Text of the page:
My sister was sent to live with a cheesemaker and I was put in a place that took in boarders and it didn't prove to be a suitable place for children so I was moved once more to live with a large family who were very good to me during my stay with them.
My sister and I saw each other every day at school and everything seemed to be going smoothly until once again we were on the move. In their efforts to keep families together as much as possible the authorities had found a place where my sister and I could be together again.
The move this time was to take us out of Askrigg and put us on a farm in the nearby village of Bainbridge and this was to become a terrible experience for both of us. It started out just fine, as in Askrigg the school in Bainbridge had a lot of evacuees from our school (Chester Place) in Gateshead so we did not feel like newcomers and felt right at home.
Our troubles began with the farmer, apart from our time at school we were not given too much free time on the farm, the farmer gave us chores to do and if we didn't do them fast enough or to his satisfaction he would take his belt to us. My sister did not escape his punishment but as a boy I bore the brunt of it. The farmers wife was not happy with his treatment of us but there was precious little she could do about it.
Somehow the word must have got around about how we were being treated as after a while two of my mother's sisters from Gateshead showed up at the farm as mad as hell and bundled us out of there. The language that these two Geordie lasses used in a tirade at the farmer wasn't fit for my young ears bi gum!!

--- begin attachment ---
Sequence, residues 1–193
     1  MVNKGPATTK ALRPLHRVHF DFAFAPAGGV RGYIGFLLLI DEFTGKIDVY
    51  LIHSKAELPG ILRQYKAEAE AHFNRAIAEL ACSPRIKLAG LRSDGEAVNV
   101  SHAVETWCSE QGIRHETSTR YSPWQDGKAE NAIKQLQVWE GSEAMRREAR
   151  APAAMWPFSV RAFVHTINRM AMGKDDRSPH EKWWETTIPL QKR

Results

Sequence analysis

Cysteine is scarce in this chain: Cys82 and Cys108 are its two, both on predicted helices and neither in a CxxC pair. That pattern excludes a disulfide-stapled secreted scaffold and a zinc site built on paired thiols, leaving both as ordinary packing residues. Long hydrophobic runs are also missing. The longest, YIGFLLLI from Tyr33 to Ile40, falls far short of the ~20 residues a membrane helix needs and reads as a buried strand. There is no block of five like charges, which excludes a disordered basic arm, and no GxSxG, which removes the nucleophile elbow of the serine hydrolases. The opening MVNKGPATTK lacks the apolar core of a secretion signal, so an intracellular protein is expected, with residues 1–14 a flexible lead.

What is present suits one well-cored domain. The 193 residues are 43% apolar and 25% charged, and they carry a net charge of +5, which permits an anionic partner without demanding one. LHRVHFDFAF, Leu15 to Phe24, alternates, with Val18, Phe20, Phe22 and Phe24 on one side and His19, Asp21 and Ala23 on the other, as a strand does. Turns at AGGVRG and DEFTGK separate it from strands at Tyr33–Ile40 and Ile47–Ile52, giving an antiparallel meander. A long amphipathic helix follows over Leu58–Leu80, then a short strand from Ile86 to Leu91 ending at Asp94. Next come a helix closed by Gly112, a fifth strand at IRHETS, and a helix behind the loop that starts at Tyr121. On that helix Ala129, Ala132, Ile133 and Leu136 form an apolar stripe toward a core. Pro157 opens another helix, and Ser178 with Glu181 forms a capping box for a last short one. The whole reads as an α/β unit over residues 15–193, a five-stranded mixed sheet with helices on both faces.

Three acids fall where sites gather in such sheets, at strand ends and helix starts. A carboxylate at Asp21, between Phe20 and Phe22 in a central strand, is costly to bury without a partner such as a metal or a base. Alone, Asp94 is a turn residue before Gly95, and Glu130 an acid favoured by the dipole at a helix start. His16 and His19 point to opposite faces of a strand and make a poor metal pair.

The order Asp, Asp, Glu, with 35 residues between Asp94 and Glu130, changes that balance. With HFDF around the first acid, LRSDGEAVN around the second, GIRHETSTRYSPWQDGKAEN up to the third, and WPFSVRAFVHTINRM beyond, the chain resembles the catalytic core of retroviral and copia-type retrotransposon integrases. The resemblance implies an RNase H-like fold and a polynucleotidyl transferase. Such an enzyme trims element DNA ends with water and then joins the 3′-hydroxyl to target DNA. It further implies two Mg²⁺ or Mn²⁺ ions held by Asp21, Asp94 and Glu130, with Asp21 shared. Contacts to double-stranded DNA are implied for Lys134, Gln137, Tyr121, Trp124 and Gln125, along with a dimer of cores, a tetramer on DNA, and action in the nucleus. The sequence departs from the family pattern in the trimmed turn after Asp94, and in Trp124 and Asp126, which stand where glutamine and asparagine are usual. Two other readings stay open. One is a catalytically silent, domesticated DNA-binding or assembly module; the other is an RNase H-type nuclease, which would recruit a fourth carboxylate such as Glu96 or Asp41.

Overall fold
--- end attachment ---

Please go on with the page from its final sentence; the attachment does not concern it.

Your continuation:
Next stop Gateshead??, No-no-no, Great Houghton, further south in Yorkshire, one of my mother's sisters had committed a cardinal sin, she married out of her tribe, got hitched to a pitman from Darfield who was working and living in Great Houghton. She was never forgiven for that until she persuaded the pitman to move to the land of the Prince Bishops, Co.Durham.
My sister and I had a good time in Great Houghton until we returned to the Tyneside in 1942 and only then were we told that our mother had died in December 1940.
We made some good friends in Gt.Houghton but we never went back,well my sister didn't but I did, but not until 1997, 55 years later to meet up with one of the friends I had made there and had no contact with since the day I left in 1942.
As I related before, my sister and I were evacuated to three places in Yorkshire during the war, first there was Askgrigg, then Bainbridge, and finally Great Houghton and this final episode relates to Gt.Houghton and events that followed many, many years later. As I said in my earlier story, my sister and I were removed from a farm in Bainbridge because the farmer was beating us and our next billet was to be with an aunt who had married a pitman from Darfield and was living in Great Houghton, a far cry from her native Gateshead.